Nikon F-65/N-65 as first autofocus camera for "experienced" photographer?

Discussion in 'Nikon' started by Per Stromgren, Dec 25, 2003.

  1. Hi!

    Excuse me for just stepping in a ask for advice, but here goes.

    I have had and used a Pentax SLR (ME) for some 20 years and also used
    my wifes Nikon FE2 a lot. I really prefer the Pentax for weight and
    size, but the Nikon lenses are better. I am sometimes bad at focusing
    so I thought I should buy one of the modern autofocus Nikons. After
    some shopping around I have found that a Nikon F-65 (N-65 in the US?)
    with a 28-80 zoom perhaps would be the thing.

    1. Will our other lenses (Nikkor 50/1.4 and 80-200) that are used with
    the FE2 fit and work on a 65? I realize that the autofocus won't work
    but apart from that?

    2. What are the drawbacks with a modern cheap Nikon compared to the
    FE2 or the really old Pentax ME? Anything that will shock me?

    3. I'm satisfied with the 35-70/3.3-4.5 standard zoom that we use on
    the FE2, are the modern ones of comparable optical quality?

    4. I don't understand the product sheets, what will I get if stepping
    up to '75? '80?

    The cameras are used mostly for travel and interior photography,
    nothing spectacular. I usually use whatever exposure the camera says,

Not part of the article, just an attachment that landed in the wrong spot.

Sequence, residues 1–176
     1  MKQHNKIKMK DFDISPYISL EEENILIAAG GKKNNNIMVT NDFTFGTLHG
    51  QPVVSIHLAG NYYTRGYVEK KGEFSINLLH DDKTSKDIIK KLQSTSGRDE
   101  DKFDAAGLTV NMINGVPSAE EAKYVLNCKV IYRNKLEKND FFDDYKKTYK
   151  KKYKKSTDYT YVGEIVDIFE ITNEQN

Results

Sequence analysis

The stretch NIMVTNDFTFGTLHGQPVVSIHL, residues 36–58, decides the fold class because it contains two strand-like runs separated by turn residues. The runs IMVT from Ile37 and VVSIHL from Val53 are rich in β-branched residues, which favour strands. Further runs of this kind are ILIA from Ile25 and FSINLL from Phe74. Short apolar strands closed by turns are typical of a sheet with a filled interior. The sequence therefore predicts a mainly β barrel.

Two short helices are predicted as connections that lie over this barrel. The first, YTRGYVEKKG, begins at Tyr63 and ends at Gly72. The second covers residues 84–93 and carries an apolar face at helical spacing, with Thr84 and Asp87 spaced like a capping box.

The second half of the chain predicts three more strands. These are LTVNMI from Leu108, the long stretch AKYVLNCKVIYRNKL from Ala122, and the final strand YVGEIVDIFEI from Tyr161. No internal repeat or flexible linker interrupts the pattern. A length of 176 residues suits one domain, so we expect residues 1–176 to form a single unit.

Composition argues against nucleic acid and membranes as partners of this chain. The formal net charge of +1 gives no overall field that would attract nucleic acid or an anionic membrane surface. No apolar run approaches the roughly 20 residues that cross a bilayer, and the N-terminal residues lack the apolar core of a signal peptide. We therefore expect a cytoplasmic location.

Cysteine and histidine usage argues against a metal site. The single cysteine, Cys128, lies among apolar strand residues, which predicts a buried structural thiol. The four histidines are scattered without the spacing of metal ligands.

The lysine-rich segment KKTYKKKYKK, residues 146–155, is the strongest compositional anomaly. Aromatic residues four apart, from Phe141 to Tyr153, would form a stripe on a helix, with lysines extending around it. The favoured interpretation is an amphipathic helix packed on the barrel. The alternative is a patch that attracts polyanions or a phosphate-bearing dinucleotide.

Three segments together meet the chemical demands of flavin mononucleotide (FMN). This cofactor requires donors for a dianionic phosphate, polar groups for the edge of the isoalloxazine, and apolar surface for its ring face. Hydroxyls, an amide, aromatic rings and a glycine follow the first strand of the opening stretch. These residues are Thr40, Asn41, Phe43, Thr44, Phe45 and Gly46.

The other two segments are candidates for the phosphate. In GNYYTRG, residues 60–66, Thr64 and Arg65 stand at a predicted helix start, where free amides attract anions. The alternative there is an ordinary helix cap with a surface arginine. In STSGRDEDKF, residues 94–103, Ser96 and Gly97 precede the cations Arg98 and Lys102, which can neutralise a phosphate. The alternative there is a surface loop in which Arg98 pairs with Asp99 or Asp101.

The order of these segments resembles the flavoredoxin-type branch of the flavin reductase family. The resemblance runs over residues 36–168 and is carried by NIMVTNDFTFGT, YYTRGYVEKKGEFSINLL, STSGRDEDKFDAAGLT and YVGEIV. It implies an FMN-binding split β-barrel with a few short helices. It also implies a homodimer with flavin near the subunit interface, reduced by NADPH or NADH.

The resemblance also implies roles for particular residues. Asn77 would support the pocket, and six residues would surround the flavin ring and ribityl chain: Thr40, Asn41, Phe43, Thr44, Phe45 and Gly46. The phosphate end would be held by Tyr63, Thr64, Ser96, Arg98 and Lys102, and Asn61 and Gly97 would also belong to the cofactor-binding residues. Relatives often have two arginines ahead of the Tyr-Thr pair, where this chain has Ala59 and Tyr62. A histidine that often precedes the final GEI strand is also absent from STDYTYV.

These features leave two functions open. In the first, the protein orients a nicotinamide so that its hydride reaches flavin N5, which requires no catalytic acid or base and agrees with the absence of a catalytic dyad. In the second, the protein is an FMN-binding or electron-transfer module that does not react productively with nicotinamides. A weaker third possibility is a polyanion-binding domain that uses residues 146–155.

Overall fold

but of course sometimes compensate for direct sun light.

    I'm grateful for any advice.

    Per.
     
    Per Stromgren, Dec 25, 2003
    #1
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  2. This post was perhaps a bit too fast. I found some of the answers
    myself, see below.
    Yes and no. See http://www.bythom.com/Bodies.htm where Thom Hogan
    explains that the old old lenses will mount, but can't be metered,
    i.e. you have to use a handheld meter and set speed and aperture
    manually. The N100/F100 can use the old lenses as intended.
    Build quality seem to be only thing. The newer bodies are not as tough
    as the old ones.
    That is still a relevant question. Do you know?
    This is perectly summarized by Thom Hogan, again see
    http://www.bythom.com/Bodies.htm

    Per.
     
    Per Stromgren, Dec 26, 2003
    #2
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